variantCaller(1) variant-calling algorithms for PacBio


variantCaller is invoked from the command line. For example, a simple invocation is:

variantCaller -j8 --algorithm=quiver \
                  -r lambdaNEB.fa        \
                  -o variants.gff        \

which requests that variant calling proceed, - using 8 worker processes, - employing the quiver algorithm, - taking input from the file aligned_reads.cmp.h5, - using the FASTA file lambdaNEB.fa as the reference, - and writing output to variants.gff (see pbgff(5)).

A particularly useful option is --referenceWindow/-w: this option allows the user to direct the tool to perform variant calling exclusively on a window of the reference genome, where the


variantCaller --help

will provide a help message explaining all available options.


Input and output

variantCaller requires two input files:

  • A file of reference-aligned reads in PacBio's standard cmp.h5 format;
  • A FASTA file that has been processed by ReferenceUploader.

The tool's output is formatted in the GFF format, as described in (how to link to other file?). External tools can be used to convert the GFF file to a VCF or BED file---two other standard interchange formats for variant calling.


Input cmp.h5 file requirements

variantCaller requires its input cmp.h5 file to be be sorted. An unsorted file can be sorting using the tool

The quiver(1) algorithm in variantCaller requires its input cmp.h5 file to have the following pulse features: - InsQV, - SubsQV, - DelQV, - DelTag, - MergeQV.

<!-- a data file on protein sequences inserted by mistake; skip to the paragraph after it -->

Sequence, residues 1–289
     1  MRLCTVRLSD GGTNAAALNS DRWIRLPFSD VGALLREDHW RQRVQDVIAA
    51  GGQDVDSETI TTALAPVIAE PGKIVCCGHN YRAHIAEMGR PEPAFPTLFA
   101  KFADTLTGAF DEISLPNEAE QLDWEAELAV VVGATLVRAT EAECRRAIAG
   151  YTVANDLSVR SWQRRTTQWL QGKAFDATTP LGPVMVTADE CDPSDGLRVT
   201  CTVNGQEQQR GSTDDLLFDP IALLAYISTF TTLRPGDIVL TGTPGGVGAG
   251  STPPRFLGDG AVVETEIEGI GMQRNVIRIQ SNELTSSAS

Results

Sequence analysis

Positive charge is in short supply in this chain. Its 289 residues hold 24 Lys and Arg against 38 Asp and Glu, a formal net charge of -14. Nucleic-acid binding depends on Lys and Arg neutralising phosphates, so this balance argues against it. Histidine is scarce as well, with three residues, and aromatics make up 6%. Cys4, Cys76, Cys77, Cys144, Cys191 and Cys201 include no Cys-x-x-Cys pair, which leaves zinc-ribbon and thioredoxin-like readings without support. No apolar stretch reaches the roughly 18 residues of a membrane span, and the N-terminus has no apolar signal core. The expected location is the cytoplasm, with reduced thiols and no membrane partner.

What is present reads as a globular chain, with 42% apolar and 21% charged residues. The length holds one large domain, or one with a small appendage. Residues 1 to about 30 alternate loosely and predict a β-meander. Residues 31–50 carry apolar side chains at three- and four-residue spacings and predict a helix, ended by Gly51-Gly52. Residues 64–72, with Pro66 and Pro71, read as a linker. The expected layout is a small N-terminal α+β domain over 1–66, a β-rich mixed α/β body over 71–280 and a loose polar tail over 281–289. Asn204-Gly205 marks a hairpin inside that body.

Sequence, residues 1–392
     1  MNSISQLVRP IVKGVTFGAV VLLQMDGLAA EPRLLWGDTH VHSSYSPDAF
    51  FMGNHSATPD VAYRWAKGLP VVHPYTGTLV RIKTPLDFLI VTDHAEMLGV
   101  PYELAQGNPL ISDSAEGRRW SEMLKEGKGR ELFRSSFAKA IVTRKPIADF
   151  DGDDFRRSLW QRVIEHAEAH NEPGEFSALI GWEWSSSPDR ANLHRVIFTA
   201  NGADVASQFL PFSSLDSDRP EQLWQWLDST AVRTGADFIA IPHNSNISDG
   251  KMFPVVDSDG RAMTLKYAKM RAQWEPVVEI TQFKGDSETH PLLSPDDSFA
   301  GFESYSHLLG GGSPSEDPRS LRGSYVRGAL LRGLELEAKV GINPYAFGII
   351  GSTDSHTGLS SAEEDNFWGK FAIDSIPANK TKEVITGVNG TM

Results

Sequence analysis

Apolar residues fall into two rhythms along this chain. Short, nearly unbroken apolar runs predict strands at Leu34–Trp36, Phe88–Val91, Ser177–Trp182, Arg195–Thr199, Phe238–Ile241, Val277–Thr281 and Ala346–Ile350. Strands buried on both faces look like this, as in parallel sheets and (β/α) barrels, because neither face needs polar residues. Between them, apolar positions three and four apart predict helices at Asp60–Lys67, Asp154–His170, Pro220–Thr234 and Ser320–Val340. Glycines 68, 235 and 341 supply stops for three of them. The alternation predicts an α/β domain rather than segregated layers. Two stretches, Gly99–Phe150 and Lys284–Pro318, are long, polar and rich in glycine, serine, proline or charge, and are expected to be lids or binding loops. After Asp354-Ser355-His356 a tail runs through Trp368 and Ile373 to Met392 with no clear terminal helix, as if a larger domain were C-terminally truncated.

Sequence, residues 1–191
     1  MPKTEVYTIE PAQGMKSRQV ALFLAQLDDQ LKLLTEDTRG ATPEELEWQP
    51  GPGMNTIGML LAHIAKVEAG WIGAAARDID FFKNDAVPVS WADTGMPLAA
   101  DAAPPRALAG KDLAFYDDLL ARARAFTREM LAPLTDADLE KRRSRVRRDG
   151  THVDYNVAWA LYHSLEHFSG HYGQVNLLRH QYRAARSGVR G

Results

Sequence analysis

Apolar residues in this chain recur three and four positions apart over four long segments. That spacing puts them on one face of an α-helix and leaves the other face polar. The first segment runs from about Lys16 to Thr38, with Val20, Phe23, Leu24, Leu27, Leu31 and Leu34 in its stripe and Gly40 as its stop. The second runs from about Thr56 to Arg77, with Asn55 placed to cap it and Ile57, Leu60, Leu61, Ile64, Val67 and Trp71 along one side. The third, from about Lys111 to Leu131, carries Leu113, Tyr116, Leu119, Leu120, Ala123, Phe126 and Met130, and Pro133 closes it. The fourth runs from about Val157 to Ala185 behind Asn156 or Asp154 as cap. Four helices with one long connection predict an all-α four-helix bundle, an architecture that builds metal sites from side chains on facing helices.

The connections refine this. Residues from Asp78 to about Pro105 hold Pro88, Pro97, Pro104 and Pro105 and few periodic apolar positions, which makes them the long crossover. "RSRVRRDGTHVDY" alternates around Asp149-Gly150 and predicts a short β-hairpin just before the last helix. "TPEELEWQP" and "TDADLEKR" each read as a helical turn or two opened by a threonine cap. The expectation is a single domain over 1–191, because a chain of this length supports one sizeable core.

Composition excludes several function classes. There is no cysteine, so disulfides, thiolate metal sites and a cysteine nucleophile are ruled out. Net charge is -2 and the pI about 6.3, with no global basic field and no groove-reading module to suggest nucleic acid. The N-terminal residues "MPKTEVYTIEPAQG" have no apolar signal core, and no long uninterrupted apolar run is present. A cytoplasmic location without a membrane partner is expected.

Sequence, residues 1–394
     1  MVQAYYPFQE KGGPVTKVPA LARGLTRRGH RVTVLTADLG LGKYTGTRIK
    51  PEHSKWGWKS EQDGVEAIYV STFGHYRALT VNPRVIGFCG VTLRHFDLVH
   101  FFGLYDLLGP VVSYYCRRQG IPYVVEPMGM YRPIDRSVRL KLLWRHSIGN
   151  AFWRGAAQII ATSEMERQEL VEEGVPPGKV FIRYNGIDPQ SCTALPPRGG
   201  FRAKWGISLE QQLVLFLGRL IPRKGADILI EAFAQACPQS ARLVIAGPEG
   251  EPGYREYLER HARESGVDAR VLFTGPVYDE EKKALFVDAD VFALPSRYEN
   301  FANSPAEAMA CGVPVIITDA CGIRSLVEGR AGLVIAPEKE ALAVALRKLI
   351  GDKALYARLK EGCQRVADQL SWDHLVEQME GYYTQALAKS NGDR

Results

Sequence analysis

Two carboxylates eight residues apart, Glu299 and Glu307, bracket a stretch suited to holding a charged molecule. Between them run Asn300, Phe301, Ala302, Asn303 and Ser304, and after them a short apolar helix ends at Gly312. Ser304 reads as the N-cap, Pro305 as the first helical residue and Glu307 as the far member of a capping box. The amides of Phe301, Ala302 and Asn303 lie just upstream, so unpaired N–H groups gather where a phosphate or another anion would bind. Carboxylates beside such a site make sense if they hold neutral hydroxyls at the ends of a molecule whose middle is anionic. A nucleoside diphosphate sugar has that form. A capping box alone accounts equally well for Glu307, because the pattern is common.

The plurality(1) algorithm can be run on cmp.h5 files that lack these features.

The input file is the main argument to variantCaller, while the output file is provided as an argument to the -o flag. For example,

variantCaller aligned_reads.cmp.h5 -r lambda.fa  -o variants.gff

will read input from aligned_reads.cmp.h5, using the reference lambda.fa, and send output to the file variants.gff. The extension of the filename provided to the -o flag is meaningful, as it determines the output file format. The file formats presently supported, by extension, are

GFFv3 format
a simplified human readable format used primarily by the developers

If the -o flag is not provided, the default behavior is to output to a variants.gff in the current directory.


variantCaller does not modify its input cmp.h5 file in any way. This is in contrast to previous variant callers in use at PacBio, which would write a consensus dataset to the input cmp.h5 file.

Available algorithms

At this time there are two algorithms available for variant calling: plurality and quiver.

Plurality is a simple and very fast procedure that merely tallies the most frequent read base or bases found in alignment with each reference base, and reports deviations from the reference as potential variants.

Quiver is a more complex procedure based on algorithms originally developed for CCS. Quiver leverages the quality values (QVs) provided by upstream processing tools, which provide insight into whether insertions/deletions/substitutions were deemed likely at a given read position. Use of quiver requires the ConsensusCore and ConsensusCore2 libraries as well as trained parameter set, which will be loaded from a standard location (TBD). Arrow and Quiver can be thought of as local-realignment procedures (QV-aware in the case of Quiver).

Both algorithms are expected to converge to zero errors (miscalled variants) as coverage increases; however quiver should converge much faster (i.e., fewer errors at low coverage), and should provide greater variant detection power at a given error level.

Confidence values

Both quiver and plurality make a confidence metric available for every position of the consensus sequence. The confidence should be interpreted as a phred-transformed posterior probability that the consensus call is incorrect; i.e.

QV = −10log~10~(p~err~)

variantCaller clips reported QV values at 93---larger values cannot be encoded in a standard FASTQ file.

Chemistry specificity

The Quiver algorithm parameters are trained per-chemistry. SMRTanalysis software loads metadata into the cmp.h5 to indicate the chemistry used per movie. Quiver sees this table and automatically chooses the appropriate parameter set to use. This selection can be overridden by a command line flag.